I stumbled across this site called Tori’s Eye which takes search input and visualizes tweets from Twitter using the search input. It’s an interesting approach to captivating user’s attention while also mind numbing to say the least of watching little birdies flash across the screen. It’s something my 3 year old daughter would love.
I think something like this would be a great teaching and communication capability for K-12…especially for 3rd grade and lower. This would be a great way for teaching children to interact with computers, while also demonstrating time based data.
There’s a similar audio experiment going on as well here of the same likeness.
This is taken from my old internal blog…I’m slowly moving this stuff over here:
For the last few weeks, I’ve been introducing different ways to visualize our work. For example Apdex, Lego Blocks, state models, the NG reference architecture and pipelines . I’m a fairly visualized learner, so I tend to be a more effective learner when I can present a picture or diagram. I tend to be a better communicator when I can work with a picture or diagram, rather then bulleted or narrative text.
Some of you have had the pleasure of reviewing the MIT Timeline project (http://simile.mit.edu/timeline/) I passed on a few weeks back, as well as another example called Gapminder (http://tools.google.com/gapminder/) that I forwarded on earlier today. If you haven’t seen either of these, please take a look. They are highly effective visualizations for understanding sequential and spacial data representations. We could use these tools within our own practice for materializing performance and scalability models, correlating multi-dimensional data representations, as well as digesting massive quantities of data.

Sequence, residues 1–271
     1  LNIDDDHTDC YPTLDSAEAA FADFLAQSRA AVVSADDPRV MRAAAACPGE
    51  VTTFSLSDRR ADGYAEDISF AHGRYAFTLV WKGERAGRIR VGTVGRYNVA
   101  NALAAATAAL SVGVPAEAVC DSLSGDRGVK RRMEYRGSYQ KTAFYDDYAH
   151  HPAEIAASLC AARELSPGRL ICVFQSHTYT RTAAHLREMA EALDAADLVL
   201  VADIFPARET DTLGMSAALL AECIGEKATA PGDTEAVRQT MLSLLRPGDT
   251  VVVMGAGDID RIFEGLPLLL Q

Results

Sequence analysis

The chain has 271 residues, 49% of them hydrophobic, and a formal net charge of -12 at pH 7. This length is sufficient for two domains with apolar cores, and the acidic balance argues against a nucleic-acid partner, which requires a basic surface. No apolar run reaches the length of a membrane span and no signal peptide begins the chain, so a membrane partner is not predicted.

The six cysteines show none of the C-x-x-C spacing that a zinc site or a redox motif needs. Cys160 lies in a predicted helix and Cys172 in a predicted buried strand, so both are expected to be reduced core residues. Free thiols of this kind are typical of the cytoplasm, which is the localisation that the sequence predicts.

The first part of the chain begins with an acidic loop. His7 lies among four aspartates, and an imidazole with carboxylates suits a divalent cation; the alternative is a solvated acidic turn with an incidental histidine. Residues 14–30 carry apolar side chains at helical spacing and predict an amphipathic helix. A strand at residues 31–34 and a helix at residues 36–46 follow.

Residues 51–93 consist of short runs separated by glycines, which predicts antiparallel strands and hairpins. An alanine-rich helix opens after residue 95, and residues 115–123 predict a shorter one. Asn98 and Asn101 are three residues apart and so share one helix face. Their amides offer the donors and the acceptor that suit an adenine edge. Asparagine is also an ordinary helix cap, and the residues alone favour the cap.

Which gets me to why I wrote this email. I came across this site (http://infosthetics.com/), well it’s more a blog then anything about using visualization. The sole mission of the site is to comment or identify visualizations of a concept or data. For example, take a look at http://themulife.com/?p=553 or http://infosthetics.com/archives/2007/01/2007_trend_map.html.
I would like to see how we can represent data (single and multi-dimensional) via correlations in a more abstract manner. Writing 20 page reports, bulleted power points and massive spreadsheets simply doesn’t do an effective job of representing our work.
I’m interested in your thoughts …
This is one of my old blogs that I’m moving over to wordpress from April 01, 2007:
Eureka…Eureka said Archimedes when discovering the principle of buoyancy. Well, I’ve had a similar moment myself. A few weeks back, I blogged about different ways to look at problems back in February. As part of that blog, I added the RSS feed for infostetics.com. This past month infostetics.com posted a very interesting blog about an acquisition Google made. Two very interesting sites were showcased in the Blog: swivel and Many Eyes. Coincidently, Many Eyes is an IBM Alpha Works sites. It’s pretty cool. They site allows you to upload up to 5mb of your own data and create your own visualization sets.
swivel looks to be the more advanced of the two sites and one that closely integrates with Google. My early thoughts are that we could create some interesting Apdex visuals, as well as PAR visuals from swivel by integrating our data points with Google Spreadsheets.
Take a look…you will definitely enjoy!